Posts Tagged ‘repentance’

We tend to view 2Chronicles 7:14 (If my people, who are called by my name, will humble themselves and pray, and seek my face, and turn from their wicked ways, then I will hear…) as a call to prayer, when it’s actually a call to repentance.

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A Prayer of Repentance

Gracious Heavenly Father

In Your mercy, Come!

Come and rescue Your people once again


Forgive us Lord for our complacency and arrogance

For believing that our technology would somehow keep us safe

And for being partakers of our own selfish nature rather than Your divine nature

For believing that we were the exception to the lessons of all human history

And for imagining that we could build a Utopian society without You


Forgive us Lord for seeking Your hand instead of Your face


For believing that we could change men’s hearts with our words instead of Yours

And for assuming we could contrive an authentic form of justice without Your involvement

For choosing our own “righteous indignation” over Your righteousness

And for being more concerned with making our point than with representing Your heart


Forgive us Lord for investing our identities in things other than being Your children


For having more faith in the power of our minds than in the power of Your Spirit

And for using our pain as an excuse to hurt others

For being more concerned with our prosperity than with Your Kingdom

And for loving our opinions more than our neighbors


God help us, as You are gracious to do

You are our only hope

Apart from You, we can do nothing


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Jesus did not publicly shame, threaten, or otherwise coerce people to come to repentance, which is why our efforts to do so “in Jesus name” only serve to drive them away from Him.  The good news of the gospel is not the judgement to come, it is that while we were yet sinners, Christ died for us, and that this amazing grace is still available today.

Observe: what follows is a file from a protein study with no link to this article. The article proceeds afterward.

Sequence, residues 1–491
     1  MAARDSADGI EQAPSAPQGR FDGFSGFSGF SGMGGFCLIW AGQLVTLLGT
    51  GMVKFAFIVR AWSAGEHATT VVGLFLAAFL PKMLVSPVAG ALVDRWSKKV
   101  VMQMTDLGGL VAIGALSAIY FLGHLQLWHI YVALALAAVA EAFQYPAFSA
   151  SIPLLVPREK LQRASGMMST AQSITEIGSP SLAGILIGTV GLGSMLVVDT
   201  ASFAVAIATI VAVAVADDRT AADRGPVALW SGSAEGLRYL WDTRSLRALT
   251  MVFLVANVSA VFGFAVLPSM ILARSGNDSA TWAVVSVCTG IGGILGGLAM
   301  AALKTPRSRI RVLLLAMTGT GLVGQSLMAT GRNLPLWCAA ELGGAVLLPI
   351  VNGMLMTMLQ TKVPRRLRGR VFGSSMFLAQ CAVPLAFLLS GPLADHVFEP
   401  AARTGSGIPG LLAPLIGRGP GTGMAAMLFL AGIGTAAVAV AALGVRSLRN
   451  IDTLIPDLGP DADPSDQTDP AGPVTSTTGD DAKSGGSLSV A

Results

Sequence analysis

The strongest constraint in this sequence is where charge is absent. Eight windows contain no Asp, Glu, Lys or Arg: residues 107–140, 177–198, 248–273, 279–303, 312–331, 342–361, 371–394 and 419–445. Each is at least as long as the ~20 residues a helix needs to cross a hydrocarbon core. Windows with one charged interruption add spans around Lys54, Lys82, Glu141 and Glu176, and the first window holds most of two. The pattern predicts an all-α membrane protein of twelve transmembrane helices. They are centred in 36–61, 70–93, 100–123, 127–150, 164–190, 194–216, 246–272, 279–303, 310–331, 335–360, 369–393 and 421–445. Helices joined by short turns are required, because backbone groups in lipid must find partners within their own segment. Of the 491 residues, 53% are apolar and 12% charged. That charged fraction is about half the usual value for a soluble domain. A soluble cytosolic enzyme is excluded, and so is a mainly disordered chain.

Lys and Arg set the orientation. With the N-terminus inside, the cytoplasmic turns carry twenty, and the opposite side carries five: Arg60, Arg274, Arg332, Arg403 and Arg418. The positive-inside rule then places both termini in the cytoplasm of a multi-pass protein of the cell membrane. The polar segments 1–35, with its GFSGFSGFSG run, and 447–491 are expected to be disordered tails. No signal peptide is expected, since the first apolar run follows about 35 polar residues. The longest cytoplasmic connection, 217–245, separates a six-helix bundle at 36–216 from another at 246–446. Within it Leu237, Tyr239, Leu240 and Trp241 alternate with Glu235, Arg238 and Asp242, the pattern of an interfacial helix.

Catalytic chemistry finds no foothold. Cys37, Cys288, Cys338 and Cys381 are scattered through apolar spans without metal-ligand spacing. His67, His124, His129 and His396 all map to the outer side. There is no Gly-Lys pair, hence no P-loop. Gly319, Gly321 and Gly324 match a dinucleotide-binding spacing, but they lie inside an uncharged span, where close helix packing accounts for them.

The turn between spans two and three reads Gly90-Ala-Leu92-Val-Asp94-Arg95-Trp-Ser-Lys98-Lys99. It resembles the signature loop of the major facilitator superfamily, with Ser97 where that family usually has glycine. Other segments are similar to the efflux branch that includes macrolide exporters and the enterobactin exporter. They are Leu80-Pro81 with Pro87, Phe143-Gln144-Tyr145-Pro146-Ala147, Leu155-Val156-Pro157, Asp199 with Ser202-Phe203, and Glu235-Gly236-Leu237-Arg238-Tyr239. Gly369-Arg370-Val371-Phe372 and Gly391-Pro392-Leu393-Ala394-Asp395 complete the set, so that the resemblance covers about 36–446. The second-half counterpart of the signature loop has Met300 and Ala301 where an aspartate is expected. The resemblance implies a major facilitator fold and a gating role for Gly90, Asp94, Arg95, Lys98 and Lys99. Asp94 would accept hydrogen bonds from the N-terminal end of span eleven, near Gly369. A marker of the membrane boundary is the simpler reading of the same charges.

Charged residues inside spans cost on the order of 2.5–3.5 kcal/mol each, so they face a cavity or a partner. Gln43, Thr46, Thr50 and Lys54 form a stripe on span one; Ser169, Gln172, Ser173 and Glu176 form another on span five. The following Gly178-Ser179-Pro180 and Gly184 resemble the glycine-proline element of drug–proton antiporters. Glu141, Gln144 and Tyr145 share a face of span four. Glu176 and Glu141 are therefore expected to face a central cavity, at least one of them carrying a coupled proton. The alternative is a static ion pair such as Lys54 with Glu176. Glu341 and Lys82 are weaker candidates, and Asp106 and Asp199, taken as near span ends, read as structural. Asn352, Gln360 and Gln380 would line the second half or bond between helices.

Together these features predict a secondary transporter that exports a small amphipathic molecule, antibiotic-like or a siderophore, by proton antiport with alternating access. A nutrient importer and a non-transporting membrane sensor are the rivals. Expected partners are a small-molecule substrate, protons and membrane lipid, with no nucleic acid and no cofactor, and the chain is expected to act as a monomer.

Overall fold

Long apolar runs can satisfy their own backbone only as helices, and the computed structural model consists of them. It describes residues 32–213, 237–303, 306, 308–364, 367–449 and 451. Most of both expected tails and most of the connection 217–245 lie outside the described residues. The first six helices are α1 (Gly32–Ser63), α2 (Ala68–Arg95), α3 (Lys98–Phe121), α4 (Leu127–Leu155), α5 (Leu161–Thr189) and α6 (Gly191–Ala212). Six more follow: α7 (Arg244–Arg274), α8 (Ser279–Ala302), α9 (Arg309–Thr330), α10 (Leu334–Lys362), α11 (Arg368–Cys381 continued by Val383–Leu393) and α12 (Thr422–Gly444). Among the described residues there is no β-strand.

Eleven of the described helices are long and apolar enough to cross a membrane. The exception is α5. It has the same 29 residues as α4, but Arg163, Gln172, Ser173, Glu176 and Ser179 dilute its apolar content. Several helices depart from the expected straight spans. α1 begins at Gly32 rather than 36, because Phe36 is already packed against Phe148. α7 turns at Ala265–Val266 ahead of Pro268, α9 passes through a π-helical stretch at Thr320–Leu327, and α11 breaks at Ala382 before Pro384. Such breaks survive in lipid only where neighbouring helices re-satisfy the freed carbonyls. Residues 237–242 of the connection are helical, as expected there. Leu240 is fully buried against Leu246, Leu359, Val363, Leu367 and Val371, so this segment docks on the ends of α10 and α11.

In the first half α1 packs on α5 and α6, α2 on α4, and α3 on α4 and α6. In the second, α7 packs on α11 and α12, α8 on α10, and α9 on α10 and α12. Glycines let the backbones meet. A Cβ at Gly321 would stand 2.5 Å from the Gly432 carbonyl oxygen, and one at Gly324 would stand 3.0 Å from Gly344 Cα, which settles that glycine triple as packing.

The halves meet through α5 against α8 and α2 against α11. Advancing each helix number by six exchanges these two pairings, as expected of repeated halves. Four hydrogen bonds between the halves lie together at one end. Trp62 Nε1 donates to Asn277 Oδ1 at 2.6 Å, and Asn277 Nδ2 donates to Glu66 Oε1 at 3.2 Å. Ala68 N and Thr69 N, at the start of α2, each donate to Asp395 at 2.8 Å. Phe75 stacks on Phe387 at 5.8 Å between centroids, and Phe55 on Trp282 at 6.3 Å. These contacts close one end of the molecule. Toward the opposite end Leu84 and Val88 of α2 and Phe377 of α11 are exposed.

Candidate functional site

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On this side of eternity, there is a battle that goes on every day of our lives, and if we do not discern it, we can quietly live an existence of turmoil and defeat.  It begins with our first thought of the day, which sets the tone for everything that follows it.  And while the objective of this war is ultimately the fidelity of our hearts, the battle itself is most commonly waged upon the fertile ground of our minds.  Even if the enemy never successfully wrestles away our allegiance, succumbing to this daily struggle can drastically impact the fruit produced by our lives.  When Jesus spoke of the greatest commandment, He not only told us to love God with all of our heart and soul, He instructed us to love Him with “all” of our mind.  But what does that really look like?


First and foremost, our journey with God must begin with a change of mind, which is commonly referred to within the scripture as “repentance”.  The book of Proverbs says that as a man thinks, so is he (23:7); therefore, when we surrender our lives to the Lord, our ways of thinking must also be placed on the altar.  We can no longer be conformed to the patterns of this world, and we need to allow ourselves to be transformed by the renewing of our minds (Rom 12:2).  It is not simply resisting “evil” thoughts, and having “good” ones.  The Apostle Paul warns that those who live according to the flesh have their minds set on what the flesh desires; but those who live in accordance with the Spirit have their minds set on what the Spirit desires. He adds that the mind governed by the flesh is death, but the mind governed by the Spirit is life and peace (Rom 8:5).  Similarly, the book of James (1:8) warns us that we cannot have it both ways, as a double-minded man is unstable in everything he does.